If you’re trying to rent a house or apartment, having a spouse with poor credit can disqualify you for an apartment. Landlords often run credit checks for everyone who will be living in the apartment, and if one person has a bad credit score, both people may be denied. See more about getting an apartment when you have bad credit.
Another example could be if your spouse tries to apply for a utility provider and they have bad credit, the company may ask that they put down a deposit.
Basically, while your spouse having worse credit than you isn't necessarily a dealbreaker, it could make the life you're trying to build together much more costly, or force you to postpone major purchases until your spouse can improve their credit.
There’s a difference between no credit and bad credit. The latter means you have a low credit score or some negative marks, like a bankruptcy or default judgment, on your credit.
No credit means you’ve never had a loan, line of credit or other type of credit product. Having no credit can be a frustrating experience. To start creating a credit report, you need to open a credit card or loan. But it’s hard to get approved if you’ve never had a loan before. How can you convince a lender you’re trustworthy if you’ve never had to repay a loan?
If your spouse has no credit, you can have them take out a credit builder loan or a secured credit card to start building their credit. These products are designed for people with bad credit or no credit to help them restore or start a credit report.
If your spouse doesn’t have any credit and opens one of these products, help them by explaining how to build a solid credit history. Have them learn what makes a good credit user, how to make payments on time every month and how not to use too much of their available credit.
If your spouse learns to use a credit product responsibly, they may go from no credit to great credit in a few months. This will make managing your finances together much easier since you’ll be able to qualify for loans together.
Getting married may only increase the odds of getting approved for a loan because you may have a larger income to qualify with. If you make $50,000 a year and your spouse makes $100,000 a year, you may get a bigger mortgage than if you were only using your income, for example.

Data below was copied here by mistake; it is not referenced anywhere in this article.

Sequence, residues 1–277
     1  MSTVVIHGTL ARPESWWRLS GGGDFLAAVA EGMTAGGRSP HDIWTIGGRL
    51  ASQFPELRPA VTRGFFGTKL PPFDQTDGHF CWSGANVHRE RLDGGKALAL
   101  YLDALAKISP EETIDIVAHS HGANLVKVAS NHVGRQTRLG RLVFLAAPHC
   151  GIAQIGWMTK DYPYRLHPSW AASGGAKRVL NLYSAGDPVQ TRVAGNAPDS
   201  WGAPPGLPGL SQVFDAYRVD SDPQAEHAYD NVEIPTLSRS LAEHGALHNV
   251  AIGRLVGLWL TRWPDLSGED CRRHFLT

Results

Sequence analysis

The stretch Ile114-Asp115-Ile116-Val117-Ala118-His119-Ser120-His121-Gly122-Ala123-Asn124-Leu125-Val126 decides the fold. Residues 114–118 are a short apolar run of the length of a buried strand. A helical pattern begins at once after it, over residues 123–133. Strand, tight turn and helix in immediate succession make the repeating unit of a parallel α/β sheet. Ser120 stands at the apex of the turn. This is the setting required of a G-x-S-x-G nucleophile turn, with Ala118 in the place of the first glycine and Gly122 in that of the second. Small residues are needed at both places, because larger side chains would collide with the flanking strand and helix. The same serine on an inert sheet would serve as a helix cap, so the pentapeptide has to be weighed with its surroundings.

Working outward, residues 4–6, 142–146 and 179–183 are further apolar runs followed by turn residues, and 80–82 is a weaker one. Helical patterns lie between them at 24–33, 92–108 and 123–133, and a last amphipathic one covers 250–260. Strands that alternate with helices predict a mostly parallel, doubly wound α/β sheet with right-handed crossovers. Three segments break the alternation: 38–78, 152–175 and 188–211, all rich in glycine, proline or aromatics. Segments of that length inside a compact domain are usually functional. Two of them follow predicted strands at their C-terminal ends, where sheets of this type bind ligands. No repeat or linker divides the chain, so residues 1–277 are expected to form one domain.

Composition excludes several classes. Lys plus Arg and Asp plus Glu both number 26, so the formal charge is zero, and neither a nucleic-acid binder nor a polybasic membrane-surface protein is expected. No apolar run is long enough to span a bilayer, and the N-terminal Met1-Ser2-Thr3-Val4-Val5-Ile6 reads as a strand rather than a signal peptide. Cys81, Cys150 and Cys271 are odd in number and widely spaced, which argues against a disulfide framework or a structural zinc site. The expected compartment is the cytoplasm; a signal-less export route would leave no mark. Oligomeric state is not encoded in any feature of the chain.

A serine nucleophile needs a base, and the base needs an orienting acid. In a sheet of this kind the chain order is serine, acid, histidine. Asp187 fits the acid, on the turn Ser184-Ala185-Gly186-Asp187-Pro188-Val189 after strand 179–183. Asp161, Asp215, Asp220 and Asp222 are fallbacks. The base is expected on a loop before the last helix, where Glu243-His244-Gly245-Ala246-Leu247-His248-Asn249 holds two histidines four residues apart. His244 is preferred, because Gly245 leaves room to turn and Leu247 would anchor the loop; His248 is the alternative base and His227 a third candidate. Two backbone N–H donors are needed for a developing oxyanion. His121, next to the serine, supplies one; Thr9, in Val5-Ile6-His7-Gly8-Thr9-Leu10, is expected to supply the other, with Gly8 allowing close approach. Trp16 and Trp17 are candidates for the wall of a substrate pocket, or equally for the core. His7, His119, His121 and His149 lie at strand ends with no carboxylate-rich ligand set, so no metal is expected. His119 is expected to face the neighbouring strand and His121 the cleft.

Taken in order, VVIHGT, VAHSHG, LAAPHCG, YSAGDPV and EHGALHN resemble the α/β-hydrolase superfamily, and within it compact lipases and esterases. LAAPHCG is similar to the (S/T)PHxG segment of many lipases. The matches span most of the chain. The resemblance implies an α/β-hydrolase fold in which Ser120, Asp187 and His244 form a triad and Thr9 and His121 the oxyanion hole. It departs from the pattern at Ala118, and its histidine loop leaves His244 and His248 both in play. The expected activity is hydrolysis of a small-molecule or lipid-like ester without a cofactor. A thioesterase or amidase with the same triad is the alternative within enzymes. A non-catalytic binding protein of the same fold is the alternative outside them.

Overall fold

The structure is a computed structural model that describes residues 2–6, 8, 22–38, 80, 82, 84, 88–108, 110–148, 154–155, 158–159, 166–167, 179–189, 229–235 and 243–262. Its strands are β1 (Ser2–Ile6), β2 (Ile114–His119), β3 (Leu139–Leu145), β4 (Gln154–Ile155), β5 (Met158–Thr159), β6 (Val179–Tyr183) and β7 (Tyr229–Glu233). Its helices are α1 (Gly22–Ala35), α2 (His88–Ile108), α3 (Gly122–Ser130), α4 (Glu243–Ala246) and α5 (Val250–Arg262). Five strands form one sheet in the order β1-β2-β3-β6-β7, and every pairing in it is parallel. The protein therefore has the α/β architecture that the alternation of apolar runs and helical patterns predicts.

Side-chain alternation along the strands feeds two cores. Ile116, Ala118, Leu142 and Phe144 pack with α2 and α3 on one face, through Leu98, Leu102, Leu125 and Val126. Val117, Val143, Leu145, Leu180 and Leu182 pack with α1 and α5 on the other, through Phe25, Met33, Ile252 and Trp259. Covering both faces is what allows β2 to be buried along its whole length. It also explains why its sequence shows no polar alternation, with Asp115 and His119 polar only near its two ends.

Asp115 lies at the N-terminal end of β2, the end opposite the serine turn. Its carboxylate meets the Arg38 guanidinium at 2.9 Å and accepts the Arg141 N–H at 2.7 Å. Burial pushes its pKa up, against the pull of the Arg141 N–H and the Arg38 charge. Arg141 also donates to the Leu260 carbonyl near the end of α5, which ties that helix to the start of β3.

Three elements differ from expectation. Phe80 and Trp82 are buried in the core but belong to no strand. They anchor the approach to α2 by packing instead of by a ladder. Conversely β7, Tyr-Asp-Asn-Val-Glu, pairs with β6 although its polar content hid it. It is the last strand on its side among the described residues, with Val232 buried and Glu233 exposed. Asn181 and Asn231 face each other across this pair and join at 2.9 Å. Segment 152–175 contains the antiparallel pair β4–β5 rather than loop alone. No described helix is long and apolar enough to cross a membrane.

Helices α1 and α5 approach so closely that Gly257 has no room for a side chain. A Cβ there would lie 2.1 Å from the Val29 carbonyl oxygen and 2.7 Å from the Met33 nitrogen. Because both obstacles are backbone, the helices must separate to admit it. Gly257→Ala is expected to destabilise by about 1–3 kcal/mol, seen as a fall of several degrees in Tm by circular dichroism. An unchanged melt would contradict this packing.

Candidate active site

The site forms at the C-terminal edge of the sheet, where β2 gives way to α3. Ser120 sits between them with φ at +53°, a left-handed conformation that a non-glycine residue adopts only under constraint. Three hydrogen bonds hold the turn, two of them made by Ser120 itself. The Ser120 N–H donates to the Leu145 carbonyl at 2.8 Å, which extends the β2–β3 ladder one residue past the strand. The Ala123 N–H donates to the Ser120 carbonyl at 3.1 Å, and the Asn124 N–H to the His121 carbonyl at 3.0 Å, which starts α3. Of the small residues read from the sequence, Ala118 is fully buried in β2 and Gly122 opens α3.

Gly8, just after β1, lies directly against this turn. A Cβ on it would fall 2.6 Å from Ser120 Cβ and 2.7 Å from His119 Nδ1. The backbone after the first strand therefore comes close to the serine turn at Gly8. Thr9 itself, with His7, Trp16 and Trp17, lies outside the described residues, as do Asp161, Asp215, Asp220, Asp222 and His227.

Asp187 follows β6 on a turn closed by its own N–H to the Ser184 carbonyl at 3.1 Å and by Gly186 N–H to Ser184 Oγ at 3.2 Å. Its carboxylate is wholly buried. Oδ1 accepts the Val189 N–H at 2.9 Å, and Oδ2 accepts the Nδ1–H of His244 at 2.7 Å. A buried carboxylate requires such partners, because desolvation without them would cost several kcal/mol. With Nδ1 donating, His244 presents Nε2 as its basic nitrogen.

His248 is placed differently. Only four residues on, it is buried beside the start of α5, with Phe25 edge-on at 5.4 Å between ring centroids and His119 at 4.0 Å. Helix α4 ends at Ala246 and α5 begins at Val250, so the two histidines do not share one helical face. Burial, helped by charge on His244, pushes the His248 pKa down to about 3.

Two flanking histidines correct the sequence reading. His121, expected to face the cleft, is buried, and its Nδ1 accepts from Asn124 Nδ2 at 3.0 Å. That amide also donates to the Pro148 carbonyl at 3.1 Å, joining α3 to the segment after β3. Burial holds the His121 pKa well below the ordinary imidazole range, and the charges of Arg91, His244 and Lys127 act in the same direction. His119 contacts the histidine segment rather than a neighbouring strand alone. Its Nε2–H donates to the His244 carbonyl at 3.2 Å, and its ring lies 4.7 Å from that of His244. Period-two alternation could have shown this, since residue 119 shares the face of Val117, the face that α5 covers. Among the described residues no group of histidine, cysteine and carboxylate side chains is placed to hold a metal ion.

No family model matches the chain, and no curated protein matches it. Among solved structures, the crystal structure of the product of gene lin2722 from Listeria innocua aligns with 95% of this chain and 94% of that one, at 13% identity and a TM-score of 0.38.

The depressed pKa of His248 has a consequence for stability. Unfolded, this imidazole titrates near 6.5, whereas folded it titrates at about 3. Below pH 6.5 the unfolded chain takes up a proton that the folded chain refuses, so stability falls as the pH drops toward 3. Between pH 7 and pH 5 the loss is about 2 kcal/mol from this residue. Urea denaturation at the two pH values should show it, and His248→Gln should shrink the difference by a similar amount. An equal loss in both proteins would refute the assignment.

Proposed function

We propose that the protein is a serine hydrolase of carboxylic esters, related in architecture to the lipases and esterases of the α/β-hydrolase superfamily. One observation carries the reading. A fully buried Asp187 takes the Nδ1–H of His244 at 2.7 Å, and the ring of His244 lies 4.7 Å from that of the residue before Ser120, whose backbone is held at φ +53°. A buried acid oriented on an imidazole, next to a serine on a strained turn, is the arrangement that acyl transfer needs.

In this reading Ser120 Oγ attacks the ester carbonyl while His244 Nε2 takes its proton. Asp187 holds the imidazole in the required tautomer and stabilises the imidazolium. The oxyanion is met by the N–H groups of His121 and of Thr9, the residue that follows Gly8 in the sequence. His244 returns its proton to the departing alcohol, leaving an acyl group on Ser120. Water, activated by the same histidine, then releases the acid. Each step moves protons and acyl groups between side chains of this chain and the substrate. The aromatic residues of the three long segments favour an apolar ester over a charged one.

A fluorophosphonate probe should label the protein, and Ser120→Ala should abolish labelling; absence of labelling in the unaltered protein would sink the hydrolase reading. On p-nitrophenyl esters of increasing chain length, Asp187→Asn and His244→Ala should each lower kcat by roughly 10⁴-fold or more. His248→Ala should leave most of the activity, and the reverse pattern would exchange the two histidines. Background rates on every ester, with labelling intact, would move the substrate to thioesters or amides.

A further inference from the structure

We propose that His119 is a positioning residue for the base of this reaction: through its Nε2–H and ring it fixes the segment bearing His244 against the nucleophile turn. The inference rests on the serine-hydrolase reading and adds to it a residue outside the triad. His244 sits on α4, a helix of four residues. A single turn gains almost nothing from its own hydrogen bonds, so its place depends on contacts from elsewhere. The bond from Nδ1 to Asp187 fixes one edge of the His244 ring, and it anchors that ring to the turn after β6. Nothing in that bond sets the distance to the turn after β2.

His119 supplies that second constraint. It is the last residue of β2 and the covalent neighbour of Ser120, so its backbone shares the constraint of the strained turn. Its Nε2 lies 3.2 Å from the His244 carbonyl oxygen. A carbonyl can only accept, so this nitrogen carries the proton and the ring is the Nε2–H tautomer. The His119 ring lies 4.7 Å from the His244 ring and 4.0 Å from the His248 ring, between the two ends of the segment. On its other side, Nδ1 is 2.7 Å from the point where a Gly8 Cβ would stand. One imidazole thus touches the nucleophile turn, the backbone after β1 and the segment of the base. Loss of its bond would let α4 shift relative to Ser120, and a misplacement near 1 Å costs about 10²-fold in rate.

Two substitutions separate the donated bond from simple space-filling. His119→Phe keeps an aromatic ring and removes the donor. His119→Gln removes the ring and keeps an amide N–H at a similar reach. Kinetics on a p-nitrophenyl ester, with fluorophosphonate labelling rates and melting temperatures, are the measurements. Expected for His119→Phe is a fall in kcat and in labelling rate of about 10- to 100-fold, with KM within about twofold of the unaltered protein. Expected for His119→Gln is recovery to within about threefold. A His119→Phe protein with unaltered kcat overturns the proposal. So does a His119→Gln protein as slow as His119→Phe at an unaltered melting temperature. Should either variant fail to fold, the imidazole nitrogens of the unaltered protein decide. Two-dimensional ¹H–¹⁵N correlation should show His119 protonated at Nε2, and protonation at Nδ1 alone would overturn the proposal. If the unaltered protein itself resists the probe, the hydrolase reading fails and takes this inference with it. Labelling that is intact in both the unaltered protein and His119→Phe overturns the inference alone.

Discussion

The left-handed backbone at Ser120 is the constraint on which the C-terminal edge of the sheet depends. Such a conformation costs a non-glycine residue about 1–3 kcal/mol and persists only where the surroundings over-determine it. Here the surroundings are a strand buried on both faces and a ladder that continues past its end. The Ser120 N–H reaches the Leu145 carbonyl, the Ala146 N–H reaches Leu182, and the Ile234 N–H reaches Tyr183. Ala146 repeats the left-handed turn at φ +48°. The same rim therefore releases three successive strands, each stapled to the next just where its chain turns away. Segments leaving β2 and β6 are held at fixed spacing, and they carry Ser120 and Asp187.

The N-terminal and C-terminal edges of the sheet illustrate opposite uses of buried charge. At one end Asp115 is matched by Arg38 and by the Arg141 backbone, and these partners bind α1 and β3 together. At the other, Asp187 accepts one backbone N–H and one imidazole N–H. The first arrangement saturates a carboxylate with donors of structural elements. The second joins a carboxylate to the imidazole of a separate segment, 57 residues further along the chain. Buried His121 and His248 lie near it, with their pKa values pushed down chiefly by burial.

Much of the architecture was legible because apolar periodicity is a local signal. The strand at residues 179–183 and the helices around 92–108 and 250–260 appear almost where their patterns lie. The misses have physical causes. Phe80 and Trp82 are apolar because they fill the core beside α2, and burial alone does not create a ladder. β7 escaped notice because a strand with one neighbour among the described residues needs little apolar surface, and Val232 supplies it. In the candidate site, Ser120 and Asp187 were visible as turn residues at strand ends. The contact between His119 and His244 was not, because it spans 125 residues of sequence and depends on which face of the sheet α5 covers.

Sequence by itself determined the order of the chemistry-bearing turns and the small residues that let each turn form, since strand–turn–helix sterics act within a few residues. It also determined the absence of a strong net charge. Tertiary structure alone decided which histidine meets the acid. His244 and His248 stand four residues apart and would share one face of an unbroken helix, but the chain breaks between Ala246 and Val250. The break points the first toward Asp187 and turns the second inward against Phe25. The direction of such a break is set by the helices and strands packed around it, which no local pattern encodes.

Debt acquired prior to marriage remains tied to that individual. This only changes if you refinance the debt and put it in both people’s names. For example, if you buy a house by yourself and then get married, the mortgage is still legally yours.
But if you refinance the loan and add your partner to that loan, then the mortgage belongs to both of you. If you marry someone who has student loans, the loans remain theirs even after marriage.
Federal student lenders may use both people’s income information to decide what kind of monthly payment you can afford.
Debt that you both incurred during the marriage will be divided differently depending on your state’s laws and any prenup you may have had. Your credit score may be affected after a divorce because divorce is almost always expensive and can drain a person’s bank account, forcing them to rely on debt.
If you’re the spouse with bad credit and your wages are garnished because of a court judgment, you may worry that your spouse will be affected.
In most cases, a judge will not allow the creditor to take money from your spouse’s bank account if the debt was solely yours. However, if you live in a community property state, then the court may allow the creditor to garnish from your bank account as well.
When you get married, your bank accounts, loans and credit cards don’t automatically become joint accounts. Banks and credit card providers don’t convert your account unless you ask them to.
That means your spouse doesn’t get automatic access to your credit card just because they’re now legally bound to you. You still have to call the credit card provider and add them as a user on the account. The same is true for both checking and savings accounts.
If you’re depending on your spouse to bring good credit to the marriage (or vice versa), remember that your credit score will always stay individual, no matter what accounts you join.
If you can, try to talk about your finances and credit before you get married, to avoid any unwelcome surprises. Either way, try to get on the same page about your finances and help each other work on improving your credit if you need to.
Zina Kumok is a Financial Health Counselor and Credit Counselor certified by the National Association of Certified Credit Counselors who writes extensively about personal finance. See Zina on Twitter.